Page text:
Experts were scratching their heads after a clutch of turtle eggs were laid on a Sunshine Coast beach four months out of season.
In what’s believed to be a first for the South-East Queensland shoreline, the unexpected winter nesting occurred at Mudjimba Beach, 110km north of Brisbane, in late July.
Experts have since confirmed the tracks seen where the eggs were found belonged to the endangered loggerhead turtle. l
Why is winter nesting so unusual?
Taking nine to ten months to produce functional sperm, male loggerhead turtles usually do not produce viable sperm earlier in the year.
As they are known to only mate once a month, the males habitually mate during the months of October, November and December.
Sunshine Coast Council TurtleCare Coordinator were alerted to the out-of-season nesting in time to join Coolum & North Shore Coast Care volunteers and, together, they painstakingly retrieved 93 eggs.
Since, any rotation could have caused an embryo to rupture and die, the task of extracting the eggs was done with great care.
Each egg was gently weighed and measured before being placed into containers of moist sand, along with a compass on top to lessen the risk of unnecessary movement.
The eggs were then transferred to a Council depot where they were inspected to check for viability before being placed in an incubator.
There was elation all round when 87 of the eggs proved to be viable.
Temperature changes could lead to skewed sex ratios, as warmer sands tend to produce more female hatchlings.
More extreme weather events can lead to storm surges that inundate turtle nests and destroy nesting beaches.
Rising sea levels will steal vital beach nesting habitats while rising temperatures could also lead to complex changes in ocean currents, which could see hatchlings end up in unsuitable areas for survival and growth.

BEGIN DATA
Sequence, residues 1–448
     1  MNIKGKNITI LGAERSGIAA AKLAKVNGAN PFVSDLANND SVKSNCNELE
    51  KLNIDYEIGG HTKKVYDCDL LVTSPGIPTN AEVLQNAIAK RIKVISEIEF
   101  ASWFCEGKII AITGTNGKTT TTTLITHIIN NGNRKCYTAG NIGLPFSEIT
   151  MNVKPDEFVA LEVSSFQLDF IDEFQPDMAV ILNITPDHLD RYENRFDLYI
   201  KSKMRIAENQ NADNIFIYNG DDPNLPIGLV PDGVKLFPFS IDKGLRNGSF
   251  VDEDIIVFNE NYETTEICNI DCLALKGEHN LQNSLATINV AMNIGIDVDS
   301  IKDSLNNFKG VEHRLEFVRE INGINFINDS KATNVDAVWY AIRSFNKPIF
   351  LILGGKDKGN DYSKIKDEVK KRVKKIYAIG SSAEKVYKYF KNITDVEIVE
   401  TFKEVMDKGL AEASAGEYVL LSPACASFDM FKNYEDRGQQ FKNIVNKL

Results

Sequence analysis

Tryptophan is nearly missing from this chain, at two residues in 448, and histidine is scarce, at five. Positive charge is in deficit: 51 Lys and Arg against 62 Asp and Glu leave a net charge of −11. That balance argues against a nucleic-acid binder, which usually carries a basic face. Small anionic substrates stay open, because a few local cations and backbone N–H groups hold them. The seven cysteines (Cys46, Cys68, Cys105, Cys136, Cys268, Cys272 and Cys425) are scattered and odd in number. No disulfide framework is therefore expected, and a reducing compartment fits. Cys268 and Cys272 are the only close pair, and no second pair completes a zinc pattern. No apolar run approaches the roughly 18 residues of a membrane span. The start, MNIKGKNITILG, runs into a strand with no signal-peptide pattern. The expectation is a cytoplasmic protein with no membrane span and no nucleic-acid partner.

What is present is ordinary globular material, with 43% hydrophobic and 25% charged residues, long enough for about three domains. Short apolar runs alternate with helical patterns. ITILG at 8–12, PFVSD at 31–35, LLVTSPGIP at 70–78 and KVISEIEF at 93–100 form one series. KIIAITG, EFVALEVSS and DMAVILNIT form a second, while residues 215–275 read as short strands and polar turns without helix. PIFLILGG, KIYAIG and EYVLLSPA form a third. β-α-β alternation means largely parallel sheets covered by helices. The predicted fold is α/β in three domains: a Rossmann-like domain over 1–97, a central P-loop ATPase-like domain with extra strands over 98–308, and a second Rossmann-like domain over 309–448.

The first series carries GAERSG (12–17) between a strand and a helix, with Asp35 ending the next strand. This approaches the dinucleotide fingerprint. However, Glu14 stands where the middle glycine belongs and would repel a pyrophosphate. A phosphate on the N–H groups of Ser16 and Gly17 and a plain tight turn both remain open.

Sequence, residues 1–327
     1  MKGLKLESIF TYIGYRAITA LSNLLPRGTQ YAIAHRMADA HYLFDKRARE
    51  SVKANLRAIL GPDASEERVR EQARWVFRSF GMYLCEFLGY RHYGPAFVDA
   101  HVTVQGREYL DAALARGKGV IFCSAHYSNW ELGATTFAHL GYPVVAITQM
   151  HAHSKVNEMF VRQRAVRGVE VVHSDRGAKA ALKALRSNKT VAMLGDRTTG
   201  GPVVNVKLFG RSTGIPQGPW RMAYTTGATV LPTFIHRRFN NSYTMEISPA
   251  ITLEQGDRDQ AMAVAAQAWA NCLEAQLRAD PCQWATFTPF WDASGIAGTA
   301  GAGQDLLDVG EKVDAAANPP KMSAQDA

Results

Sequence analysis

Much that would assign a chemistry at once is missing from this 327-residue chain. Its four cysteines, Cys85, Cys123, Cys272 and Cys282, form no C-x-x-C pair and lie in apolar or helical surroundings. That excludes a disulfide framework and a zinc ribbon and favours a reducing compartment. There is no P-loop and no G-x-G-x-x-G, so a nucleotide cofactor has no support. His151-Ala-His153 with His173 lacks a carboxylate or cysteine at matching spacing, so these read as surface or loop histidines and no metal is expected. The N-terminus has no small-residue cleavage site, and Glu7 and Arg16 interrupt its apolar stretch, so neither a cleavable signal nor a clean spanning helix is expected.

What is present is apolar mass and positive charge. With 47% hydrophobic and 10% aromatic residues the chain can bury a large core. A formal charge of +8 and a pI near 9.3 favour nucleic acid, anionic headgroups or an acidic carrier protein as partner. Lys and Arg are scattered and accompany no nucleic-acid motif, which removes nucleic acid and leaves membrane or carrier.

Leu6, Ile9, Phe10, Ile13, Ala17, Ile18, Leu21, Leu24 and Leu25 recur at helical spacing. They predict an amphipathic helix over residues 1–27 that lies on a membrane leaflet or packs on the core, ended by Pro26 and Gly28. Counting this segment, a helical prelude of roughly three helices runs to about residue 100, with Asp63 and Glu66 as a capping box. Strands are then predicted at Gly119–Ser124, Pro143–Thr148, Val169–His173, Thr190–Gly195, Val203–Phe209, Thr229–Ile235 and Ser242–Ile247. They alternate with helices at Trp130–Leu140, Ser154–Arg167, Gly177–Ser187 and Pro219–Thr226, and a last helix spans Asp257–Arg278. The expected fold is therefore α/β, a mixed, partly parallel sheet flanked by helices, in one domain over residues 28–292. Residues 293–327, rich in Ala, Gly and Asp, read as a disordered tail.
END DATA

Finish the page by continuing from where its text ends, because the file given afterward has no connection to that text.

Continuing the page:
Sea temperature and acidity rises may limited the growth of sea grasses and other fodder for turtles.
Increasing air humidity could make eggs more susceptible to disease, resulting in higher mortality.
Had the eggs been left in the cold sand overnight, local turtle experts say, it’s doubtful that any would have survived to hatch.
In September, the hatchlings were released back at Mudjimba beach after staying in a climate-controlled incubator for 66 days.
Debra Harrip is an Australian independent documentary photographer based out of the Sunshine Coast.
Debra is an enthusiastic globetrotter who has dedicated herself to capturing unique moments in time that highlight the beauty of different cultures and perspectives.
Through Debra’s visual storytelling’s, her hope is to frame authentic images that are honest, breaking down cultural and language barriers through a creative visual narrative.
Debra does not want to project her own understanding of a situation, but rather, her intention is to engage with people.